Officers generally patrolled in pairs with two pairs assigned to each foot patrol. They worked from Tuesday morning to Saturday night in two shifts: 10:00 a.m. to 6:00 p.m. and 6:00 p.m. to 2:00 a.m. All patrol officers were provided with an initial criminal intelligence brief on their foot patrol areas by the criminal intelligence unit, as well as whatever information they gleaned from their initial orientations. Some officers engaged in considerable community-oriented work, speaking to community members and visiting child care centers and juvenile hangouts, while others were more crime oriented, stopping vehicles and conducting field interviews of pedestrians.
What We Learned
The researchers employed both an analysis of change scores and a linear regression model in which the crime value of the operational period served as the dependent variable and the preoperation crime level served as a covariate. The linear regression model outcomes were examined in phases based on percentile levels or preintervention violence. To examine the issue of displacement, they also used Bowers and Johnson’s weighted displacement quotient
We found the violent crime hotspots experienced a reduction in violence of 90 offenses, with a net effect of 53 offenses once displacement is considered, outperforming equivalent control areas by 22 percent. However, the benefits were achieved only in areas with a threshold level of preintervention violence. The lack of a significant reduction in the less-violent crime hotspots suggests that foot patrols are not a silver bullet to the problem of violence prevention. They may be measurably effective only in the highest crime areas. The relative lack of violent crime in other areas may warrant a more cost-effective approach to crime reduction, such as problem-oriented policing.
We did discover some modest displacement that was less than the direct benefits achieved in the target areas. Ninety crimes were prevented in the target area, offset by a 37-crime increase occurring in the displacement areas immediately surrounding target areas.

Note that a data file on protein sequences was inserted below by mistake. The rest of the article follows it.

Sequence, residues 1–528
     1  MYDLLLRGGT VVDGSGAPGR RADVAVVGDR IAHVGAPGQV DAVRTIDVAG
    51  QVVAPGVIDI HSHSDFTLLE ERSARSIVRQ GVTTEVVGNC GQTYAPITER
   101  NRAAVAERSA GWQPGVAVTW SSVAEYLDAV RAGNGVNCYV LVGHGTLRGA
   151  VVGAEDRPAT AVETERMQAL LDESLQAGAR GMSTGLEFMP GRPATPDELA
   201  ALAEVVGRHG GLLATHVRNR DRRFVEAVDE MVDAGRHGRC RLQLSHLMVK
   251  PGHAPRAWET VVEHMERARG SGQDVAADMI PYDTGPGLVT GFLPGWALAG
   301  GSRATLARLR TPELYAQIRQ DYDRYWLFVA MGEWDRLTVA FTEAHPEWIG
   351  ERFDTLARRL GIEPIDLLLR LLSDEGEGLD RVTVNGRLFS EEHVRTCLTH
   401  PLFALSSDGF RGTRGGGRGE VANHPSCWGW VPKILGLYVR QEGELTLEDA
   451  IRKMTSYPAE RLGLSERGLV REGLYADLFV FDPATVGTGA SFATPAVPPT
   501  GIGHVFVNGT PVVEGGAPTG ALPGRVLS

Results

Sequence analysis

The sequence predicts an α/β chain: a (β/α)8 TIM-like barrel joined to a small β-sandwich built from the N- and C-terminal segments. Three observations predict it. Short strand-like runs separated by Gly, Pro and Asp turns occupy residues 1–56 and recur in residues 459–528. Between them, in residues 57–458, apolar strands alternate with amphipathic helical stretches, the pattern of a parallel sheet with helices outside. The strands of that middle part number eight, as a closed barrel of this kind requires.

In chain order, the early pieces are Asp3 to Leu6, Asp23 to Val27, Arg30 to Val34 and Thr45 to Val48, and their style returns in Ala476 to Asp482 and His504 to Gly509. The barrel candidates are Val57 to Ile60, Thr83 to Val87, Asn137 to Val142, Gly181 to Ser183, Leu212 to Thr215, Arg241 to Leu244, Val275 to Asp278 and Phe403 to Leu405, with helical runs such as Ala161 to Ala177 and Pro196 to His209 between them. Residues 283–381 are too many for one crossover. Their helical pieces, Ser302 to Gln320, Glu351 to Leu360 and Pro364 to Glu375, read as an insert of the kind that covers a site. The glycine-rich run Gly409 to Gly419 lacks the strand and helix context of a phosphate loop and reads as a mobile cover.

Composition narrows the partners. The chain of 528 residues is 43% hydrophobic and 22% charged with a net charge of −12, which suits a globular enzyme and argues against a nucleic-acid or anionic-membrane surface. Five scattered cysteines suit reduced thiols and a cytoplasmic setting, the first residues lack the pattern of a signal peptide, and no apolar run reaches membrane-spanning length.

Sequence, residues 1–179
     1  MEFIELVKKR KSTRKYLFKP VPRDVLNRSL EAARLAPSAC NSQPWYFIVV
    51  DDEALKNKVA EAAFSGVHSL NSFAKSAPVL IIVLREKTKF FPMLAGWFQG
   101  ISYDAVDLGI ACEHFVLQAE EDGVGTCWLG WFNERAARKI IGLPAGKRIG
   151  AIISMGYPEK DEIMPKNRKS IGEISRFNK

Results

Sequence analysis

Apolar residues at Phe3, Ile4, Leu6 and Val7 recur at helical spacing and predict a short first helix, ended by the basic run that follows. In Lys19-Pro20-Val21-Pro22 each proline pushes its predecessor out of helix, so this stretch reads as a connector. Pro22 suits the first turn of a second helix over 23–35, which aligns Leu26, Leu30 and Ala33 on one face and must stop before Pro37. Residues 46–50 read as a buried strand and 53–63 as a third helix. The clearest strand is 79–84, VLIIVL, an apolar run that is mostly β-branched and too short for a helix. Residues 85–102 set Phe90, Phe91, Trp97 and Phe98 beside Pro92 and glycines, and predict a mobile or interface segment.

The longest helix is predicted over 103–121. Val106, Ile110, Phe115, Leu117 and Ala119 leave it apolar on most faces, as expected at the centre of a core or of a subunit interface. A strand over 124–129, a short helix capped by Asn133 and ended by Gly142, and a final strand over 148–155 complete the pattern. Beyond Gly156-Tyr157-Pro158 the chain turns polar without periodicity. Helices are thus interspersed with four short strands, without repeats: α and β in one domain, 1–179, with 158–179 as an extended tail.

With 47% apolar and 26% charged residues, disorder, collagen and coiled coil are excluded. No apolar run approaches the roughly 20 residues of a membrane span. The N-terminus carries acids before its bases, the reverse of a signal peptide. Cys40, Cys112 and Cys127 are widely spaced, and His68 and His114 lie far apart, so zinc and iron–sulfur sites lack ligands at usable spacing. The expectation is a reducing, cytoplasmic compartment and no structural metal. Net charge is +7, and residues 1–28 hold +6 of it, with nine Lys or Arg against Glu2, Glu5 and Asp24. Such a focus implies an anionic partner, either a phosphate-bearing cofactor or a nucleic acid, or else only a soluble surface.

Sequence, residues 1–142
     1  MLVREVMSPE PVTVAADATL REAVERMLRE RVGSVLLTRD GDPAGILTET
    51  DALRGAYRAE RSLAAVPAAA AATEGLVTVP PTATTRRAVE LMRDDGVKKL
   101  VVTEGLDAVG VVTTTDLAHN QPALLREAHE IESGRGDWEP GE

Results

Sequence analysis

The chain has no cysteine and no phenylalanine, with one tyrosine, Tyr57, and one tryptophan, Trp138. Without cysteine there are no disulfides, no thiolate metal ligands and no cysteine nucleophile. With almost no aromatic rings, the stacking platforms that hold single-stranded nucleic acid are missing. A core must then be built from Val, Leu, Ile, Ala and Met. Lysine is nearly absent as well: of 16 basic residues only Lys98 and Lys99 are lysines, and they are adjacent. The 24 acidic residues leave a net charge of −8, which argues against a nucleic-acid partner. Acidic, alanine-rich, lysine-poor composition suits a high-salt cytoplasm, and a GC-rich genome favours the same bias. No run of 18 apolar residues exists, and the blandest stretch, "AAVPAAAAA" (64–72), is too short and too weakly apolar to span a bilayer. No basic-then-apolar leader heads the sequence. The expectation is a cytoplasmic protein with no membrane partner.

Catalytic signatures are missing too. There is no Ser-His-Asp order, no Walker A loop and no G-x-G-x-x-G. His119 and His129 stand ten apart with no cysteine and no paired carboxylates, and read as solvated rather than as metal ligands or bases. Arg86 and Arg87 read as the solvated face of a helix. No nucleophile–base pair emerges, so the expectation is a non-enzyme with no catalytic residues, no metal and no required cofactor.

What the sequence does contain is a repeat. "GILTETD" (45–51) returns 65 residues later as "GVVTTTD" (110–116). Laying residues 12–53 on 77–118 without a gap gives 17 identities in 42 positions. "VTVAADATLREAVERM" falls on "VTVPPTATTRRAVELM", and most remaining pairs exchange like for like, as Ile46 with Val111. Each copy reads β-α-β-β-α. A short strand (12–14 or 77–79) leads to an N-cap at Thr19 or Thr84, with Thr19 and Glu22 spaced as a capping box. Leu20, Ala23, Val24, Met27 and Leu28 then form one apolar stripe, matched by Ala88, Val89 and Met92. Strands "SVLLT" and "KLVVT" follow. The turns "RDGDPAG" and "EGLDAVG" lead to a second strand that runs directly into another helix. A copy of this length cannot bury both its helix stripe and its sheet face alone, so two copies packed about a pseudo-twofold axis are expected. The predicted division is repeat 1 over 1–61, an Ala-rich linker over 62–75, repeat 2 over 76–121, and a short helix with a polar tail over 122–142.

This scholar-practitioner collaboration between Temple University and the Philadelphia Police Department has received much attention nationwide for its success, including a published article in Criminology, the premier academic journal in the criminology field, and replications from other police departments. The methodology and process for implementation for this research partnership has been well documented and can provide a valuable template for the readers of Police Chief who are interested in this evidence-based and effective approach to foot patrol. ■
- View the complete study for a fuller understanding of the nature and the impact of police foot patrols: http://www.temple.edu/cj/FootPatrolProject (accessed April 9, 2012).
- Compare your agency’s use of foot patrol with the Philadelphia, Pennsylvania, Police Department. What role does foot patrol play in your community policing efforts?
|Deputy Commissioner Joyce is a member of the IACP Research Advisory Committee.|
|Interested in submitting a research summary for Research in Brief? Email firstname.lastname@example.org.|
1The Temple University researchers were Jerry Ratcliffe, Travis Taniguchi, Elizabeth Groff, and Jennifer Wood.
Please cite as:
Nola Joyce and Jerry Ratcliffe, "Foot Patrols Responsible for Marked Decline in Violent Crime," Research in Brief, The Police Chief 79 (May 2012): 10.